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Sigma Phi Epsilon works to get back on campus at Virginia Tech

Years after being disbanded, Sig Ep returns to $5 million house on campus

BLACKSBURG, Va. – A Virginia Tech fraternity has reclaimed its house on campus, four years after being suspended for repeated alcohol violations.

Sigma Phi Epsilon had moved into a $5 million house on Oak Lane for just three weeks when the fraternity was suspended in 2013 and the house became Virginia Tech property. The local chapter of the fraternity's national office made the decision to shut down the fraternity after a reported five-year history of alcoholism and hazing.

When the chapter was disbanded in 2013, all of the members were put on the fraternity's alumni status. After two years of rebuilding relationships with the Blacksburg community, the national chapter and local alumni began the process to reestablish the fraternity on campus. The fraternity is now being restarted with all new members as a new fraternity on campus.

Since the rechartering process began, members have been working to fight an imperfect reputation. The new members of Sigma Phi Epsilon, known as Sig Ep, are working to prove they are able to move forward with a more mature mindset.

"They came in as truly being very different. It's something that people have recognized," says Byron Hughes, the director of fraternity and sorority life. "It's not that they're necessarily different than who was here before, but that they're in a position of thinking about excellence and standards that are much higher for themselves and much higher for what they want to be."

Hughes says the student body undergoes a complete change in students every few years and that change has made a big difference as Sig Ep returns to campus.

"When Sig Ep returned in 2015, there was a significant number of people that had no sense of what was here previously," he says.

Current members of the fraternity, like President Matthew Rowe, say it's a chance to reestablish their own legacy.

"The best part is the reconstruction of values and building a strong foundation from there," says Rowe.

As part of that reconstruction, the fraternity has done away with the traditional pledge model and now focuses on continuous development of members throughout their time at Virginia Tech. Known as the Balanced Man Program, the system focuses on a different challenge for each year in college.

The first challenge, called the Sigma Challenge, is an introduction to college life and what it means to be a part of the Sig Ep fraternity. The Phi Challenge is a chance for members to develop socially and focus on their leadership skills. Brothers in the fraternity find ways to get more involved on campus and in the Blacksburg community through the Epsilon Challenge. As the Brother Mentor Challenge, members start to focus on their legacy of success in the fraternity and preparing for life after college.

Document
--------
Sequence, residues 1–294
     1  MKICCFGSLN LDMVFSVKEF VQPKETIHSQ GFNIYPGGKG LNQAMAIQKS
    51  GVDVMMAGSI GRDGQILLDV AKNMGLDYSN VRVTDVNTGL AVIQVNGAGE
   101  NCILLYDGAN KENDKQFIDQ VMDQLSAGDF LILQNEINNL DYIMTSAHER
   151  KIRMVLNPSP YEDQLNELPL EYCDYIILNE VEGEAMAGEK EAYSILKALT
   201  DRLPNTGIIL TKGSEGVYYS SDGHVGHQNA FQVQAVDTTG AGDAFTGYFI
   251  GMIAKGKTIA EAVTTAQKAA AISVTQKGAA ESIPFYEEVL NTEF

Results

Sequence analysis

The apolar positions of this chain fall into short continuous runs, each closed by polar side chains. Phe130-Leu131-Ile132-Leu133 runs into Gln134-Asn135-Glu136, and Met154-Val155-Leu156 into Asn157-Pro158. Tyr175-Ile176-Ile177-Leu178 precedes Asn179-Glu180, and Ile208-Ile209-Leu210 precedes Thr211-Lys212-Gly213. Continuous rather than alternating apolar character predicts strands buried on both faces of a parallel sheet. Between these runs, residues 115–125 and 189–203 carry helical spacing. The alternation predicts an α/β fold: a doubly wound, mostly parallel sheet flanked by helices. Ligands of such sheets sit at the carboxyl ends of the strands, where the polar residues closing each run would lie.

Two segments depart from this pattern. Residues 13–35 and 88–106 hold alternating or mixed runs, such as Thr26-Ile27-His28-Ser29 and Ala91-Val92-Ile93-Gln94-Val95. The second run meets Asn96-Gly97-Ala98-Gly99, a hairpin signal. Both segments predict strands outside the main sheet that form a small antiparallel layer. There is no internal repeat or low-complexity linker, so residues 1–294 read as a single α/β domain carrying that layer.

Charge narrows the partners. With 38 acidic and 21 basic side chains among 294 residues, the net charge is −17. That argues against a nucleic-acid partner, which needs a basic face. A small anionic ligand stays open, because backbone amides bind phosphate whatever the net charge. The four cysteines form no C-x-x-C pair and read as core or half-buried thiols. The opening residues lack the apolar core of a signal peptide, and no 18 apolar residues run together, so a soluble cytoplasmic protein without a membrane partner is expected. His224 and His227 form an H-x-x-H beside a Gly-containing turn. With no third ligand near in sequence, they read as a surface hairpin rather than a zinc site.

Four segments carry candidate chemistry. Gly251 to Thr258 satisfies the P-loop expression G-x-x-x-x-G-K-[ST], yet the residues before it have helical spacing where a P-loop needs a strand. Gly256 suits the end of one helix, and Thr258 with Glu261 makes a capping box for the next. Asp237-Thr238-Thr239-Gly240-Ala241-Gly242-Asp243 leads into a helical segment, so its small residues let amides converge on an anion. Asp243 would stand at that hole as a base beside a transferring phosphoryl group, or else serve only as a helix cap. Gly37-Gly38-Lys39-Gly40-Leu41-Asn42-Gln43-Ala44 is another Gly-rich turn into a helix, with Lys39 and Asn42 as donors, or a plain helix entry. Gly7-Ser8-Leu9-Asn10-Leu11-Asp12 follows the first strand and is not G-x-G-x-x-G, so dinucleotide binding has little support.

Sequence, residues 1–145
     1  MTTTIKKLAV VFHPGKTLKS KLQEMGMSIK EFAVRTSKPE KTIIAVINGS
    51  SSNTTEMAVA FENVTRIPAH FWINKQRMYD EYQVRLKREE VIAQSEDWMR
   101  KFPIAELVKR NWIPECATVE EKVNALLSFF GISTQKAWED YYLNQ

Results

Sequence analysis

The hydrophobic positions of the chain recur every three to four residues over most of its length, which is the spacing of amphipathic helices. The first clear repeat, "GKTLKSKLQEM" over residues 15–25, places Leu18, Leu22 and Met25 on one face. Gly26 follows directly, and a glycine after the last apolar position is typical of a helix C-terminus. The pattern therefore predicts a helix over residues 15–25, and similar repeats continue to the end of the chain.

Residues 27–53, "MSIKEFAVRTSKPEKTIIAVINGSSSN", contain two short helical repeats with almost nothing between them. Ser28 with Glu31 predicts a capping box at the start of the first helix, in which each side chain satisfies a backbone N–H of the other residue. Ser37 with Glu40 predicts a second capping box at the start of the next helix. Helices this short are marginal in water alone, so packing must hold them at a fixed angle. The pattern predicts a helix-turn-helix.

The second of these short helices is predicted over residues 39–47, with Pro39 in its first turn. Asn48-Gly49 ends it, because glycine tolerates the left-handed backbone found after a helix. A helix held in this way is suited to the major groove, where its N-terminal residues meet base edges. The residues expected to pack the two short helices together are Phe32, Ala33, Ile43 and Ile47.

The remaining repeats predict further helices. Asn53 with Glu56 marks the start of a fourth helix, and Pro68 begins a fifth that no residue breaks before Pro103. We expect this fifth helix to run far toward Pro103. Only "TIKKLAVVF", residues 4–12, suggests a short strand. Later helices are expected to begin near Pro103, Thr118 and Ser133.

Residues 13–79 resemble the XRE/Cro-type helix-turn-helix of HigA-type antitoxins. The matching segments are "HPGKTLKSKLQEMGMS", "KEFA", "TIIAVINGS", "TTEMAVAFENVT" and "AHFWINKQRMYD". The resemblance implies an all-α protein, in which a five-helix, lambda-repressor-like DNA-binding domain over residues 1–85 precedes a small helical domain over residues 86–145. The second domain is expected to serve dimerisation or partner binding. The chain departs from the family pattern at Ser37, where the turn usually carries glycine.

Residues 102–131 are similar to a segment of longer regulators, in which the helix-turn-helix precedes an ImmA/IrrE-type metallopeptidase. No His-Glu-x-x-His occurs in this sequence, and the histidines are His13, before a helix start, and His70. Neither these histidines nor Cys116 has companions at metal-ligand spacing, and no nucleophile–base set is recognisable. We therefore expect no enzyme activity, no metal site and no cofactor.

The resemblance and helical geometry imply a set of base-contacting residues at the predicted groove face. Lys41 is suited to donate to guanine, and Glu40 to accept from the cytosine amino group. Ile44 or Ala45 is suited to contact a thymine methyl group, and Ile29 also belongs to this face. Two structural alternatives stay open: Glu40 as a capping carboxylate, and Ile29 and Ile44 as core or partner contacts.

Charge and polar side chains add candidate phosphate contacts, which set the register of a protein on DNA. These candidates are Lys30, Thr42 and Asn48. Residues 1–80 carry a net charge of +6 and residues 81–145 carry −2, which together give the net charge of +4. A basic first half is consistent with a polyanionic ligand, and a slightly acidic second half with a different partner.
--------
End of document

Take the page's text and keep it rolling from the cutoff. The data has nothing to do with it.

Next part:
Hughes says leaders at Virginia Tech continue to work on how hazing is addressed at the university. With a zero-tolerance policy, Hughes says the focus is avoiding a top down approach to hazing. Instead, he tries to work with students to address the issues they're seeing.

"It's not asking them to just think about it in terms of, 'Do you know policy?' I think if you asked any student out there, 'Do you know what hazing is?' They know exactly what hazing is, that's the reason they choose to do it in private," says Hughes.

Hughes says he often talks with Greek organizations about their values and why bringing in new members and forcing them to do things that could hurt or embarrass them would keep friendships from forming. He says it's important to have conversations about how hazing is counter-productive to the goals that many fraternities and sororities stand for, like excellence and responsibility.

It's a conversation that members of Sig Ep are having as well, as new members continue their journey to be rechartered on campus.

"It's about being a leader in the Greek system and challenging the process," says Rowe. "We see true value in fraternity and sorority life and we want to keep our doors open for all. With that, we've changed and evolved over these years."

Part of that growth includes holding the highest GPA of any Virginia Tech fraternity for four straight semesters, since the fraternity began the rechartering process. Row says they hope to make it a fifth semester this fall.

As the fraternity continues to grow, the university has allowed it to move back into its former house on Oak Lane. Oak Lane is an area of on-campus housing where other fraternity and sorority members live as well. This fall semester marks the first time Sig Ep members have lived in the $5 million house since just weeks after it was built.